Friday, October 28, 2022

‘I fell in love with Le Marais’


The story of ‘Boni’ de Castellane and Anna Gould is well known — a tale of Old World taste and New World money befitting a novel by Henry James or Edith Wharton. After marrying the American heiress in New York in 1895, the dapper French count wasted no time relieving his wife of her fortune — not least by commissioning a Grand Trianon-style ‘Palais Rose’ in Paris and persuading her to buy the Château du Marais, an elegant lakefront property in Essonne by a master of Louis XVI architecture, Jean-Benoît-Vincent Barré.

‘I fell in love with Le Marais,’ said Anna, as she and Boni set about restoring the château to its former glory and raising their five children at the same time. Anna soon grew tired of her husband’s spending and affairs, however, and in 1906, she divorced him, marrying his cousin, Hélie de Talleyrand-Périgord, the Duke of Sagan, and having two more children with him.

While Boni wrote his memoir, The Art of Being Poor, the Duke and Duchess refurbished the château, filling it with yet more beautiful things. And after her parents died, their daughter Violette kept it on, entertaining a constant stream of visitors among the 18th-century paintings, furniture, chandeliers and Meissen porcelain. Two decades after Violette’s death, the château has been split between the families of her two daughters, and its contents divided for sale. These include such beautiful and storied items as a set of Louis XVI gilt-walnut seat furniture crafted by Georges Jacob (1739–1814), supplier to Marie Antoinette, or a screen fashioned from four late-17th century panels, probably from Beauvais, the historic tapestry manufactory founded under Louis XIV.

‘There have been several sales of the collection of Boni de Castellane and Anna Gould, one at Christie’s in 2017,’ says Lionel Gosset, Head of Collections at Christie’s Paris. ‘This one is probably the last.’ (Read more.)

From  France-Amérique:

Everything could have been perfect between Anna Gould and her husband, Marie Ernest Paul Boniface “Boni” de Castellane. She dreamed of a noble title; he was a count and member of one of the oldest French aristocratic families. She was barely over 18; he was 28 and had already mastered the art of being a gentleman. She was rich and had excellent taste; unfortunately, Boni de Castellane was warts and all – and not much else!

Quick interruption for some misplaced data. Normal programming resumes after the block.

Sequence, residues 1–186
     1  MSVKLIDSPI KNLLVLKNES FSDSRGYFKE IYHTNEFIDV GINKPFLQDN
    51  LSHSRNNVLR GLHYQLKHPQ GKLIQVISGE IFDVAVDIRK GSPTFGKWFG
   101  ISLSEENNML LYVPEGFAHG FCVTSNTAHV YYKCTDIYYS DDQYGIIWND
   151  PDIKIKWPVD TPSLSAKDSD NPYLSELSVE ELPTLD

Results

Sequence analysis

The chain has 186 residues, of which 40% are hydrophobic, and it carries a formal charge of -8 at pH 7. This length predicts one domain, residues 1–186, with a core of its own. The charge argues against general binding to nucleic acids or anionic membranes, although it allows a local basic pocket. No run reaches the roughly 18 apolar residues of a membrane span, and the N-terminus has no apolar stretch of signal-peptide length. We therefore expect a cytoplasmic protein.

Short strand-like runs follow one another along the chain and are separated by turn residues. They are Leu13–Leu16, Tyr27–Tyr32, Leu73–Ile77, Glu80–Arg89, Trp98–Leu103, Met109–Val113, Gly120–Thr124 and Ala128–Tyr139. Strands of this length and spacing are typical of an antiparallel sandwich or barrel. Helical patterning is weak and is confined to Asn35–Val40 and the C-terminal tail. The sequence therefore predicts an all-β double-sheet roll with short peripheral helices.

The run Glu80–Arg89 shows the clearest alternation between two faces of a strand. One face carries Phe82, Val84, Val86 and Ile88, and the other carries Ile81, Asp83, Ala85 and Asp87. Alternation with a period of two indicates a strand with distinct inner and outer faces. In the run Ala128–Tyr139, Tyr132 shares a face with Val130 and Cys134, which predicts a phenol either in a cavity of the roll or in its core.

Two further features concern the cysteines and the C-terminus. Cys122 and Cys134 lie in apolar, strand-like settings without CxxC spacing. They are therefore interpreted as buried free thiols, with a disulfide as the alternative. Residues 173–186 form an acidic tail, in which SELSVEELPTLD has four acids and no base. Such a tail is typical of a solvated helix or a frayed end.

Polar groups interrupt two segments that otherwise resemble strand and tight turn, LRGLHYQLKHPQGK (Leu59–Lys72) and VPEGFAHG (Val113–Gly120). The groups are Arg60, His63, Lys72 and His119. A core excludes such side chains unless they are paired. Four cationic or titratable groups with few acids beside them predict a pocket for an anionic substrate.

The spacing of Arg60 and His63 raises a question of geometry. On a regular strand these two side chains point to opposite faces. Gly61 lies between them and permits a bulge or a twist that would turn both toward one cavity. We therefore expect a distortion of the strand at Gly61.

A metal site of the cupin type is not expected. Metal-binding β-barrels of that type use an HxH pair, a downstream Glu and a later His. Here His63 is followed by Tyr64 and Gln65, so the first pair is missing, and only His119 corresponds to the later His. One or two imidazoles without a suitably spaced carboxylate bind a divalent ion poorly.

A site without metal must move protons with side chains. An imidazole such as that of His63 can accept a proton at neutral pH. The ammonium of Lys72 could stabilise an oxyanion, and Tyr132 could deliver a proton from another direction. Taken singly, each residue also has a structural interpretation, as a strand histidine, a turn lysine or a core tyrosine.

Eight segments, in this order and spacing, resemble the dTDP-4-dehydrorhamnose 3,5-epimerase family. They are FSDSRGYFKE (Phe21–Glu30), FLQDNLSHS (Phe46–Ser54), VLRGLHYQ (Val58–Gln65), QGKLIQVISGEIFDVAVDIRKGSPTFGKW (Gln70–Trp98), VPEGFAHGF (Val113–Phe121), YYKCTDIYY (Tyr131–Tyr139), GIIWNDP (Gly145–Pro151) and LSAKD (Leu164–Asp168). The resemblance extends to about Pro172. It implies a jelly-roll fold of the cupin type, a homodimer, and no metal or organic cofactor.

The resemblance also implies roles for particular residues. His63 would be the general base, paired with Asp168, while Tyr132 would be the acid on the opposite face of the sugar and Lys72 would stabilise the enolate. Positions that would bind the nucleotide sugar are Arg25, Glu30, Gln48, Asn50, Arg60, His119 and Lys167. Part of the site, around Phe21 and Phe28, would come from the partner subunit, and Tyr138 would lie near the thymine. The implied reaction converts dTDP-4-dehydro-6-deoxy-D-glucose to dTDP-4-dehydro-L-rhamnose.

The count enjoyed telling the press that he had visited the United States in 1895 to “discover the country” and, as an experienced sportsman, “to hunt.” He failed to specify exactly what type of game, but his search stopped in Lakewood, New Jersey, where he attended a party at George Gould’s home. This is where he locked eyes with his sister, Anna, whom he had previously met in Paris. The pair met up once, twice, and then traveled to Canada with her family, smiling coyly all the way. Eventually, to everyone’s surprise, Boni de Castellane declared his love. Yet no one had predicted their affair. The young Anna fully exploited the right to ugliness enjoyed by the rich. She was smaller than average, with an asymmetrical face, frizzy hair, a dull, dark stare, a large nose, and even walked with a slight limp. Even in the most elegant finery, she looked like a little monkey dressed as a princess.

When by her side, Boni’s natural distinction was all the more blatant. With a porcelain complexion, lavender-blue eyes, wavy blonde hair, a strong, arched back, a curled moustache, and impeccably manicured fingernails, he was the archetype of the Parisian dandy. It is likely that the young Anna was impressed by this man, who spent more time meticulously tending to his appearance than all the Gould family put together. What’s more, she had desperately wanted to marry at any cost for more than a year. At any cost? The count’s ears pricked up! With the agreement of the two families, the square peg and the round hole were wed on March 4, 1895, in New York City. Two days later, the couple set off for Europe.


Worthy of the grandest monarchs of the Ancien Régime, the count and countess de Castallane’s lifestyle was so lavish that they burned through 7.7 million dollars (251 million today) in the first five years of their marriage. The international press went wild and American psychiatrists began studying Boni’s personality. They even came up with a name for his behavior: coenaesthesis. The Goulds tried to regulate the couple’s spending, although without attempting to understand it. In 1900, Anna was placed under the guardianship of her brother, George, and her debts (she had dipped extensively into her capital, despite the fact that she was supposed to live on the interest alone) were spread out over several years of repayments.

Boni was outraged at being reduced to live on an annual allowance of 300,000 dollars (less than 10 million today). Meanwhile, Anna had grown tired of her spendthrift, quarrelsome, vain husband. Above all, she hated his numerous affairs and the rumors he spread about her. When leading a visit around their first apartment, Boni found it amusing to describe their bedroom as the “expiatory chapel,” and the “other side of the coin.” Encouraged by her family, she finally divorced in 1906 and took her revenge in 1908 by marrying Boni’s cousin, Duke Hélie de Talleyrand-Périgord, with whom she had two children. Boni, ever the comedian, became an antiques expert and wrote his memoirs under the title The Art of Being Poor(Read more.)
Anna Gould


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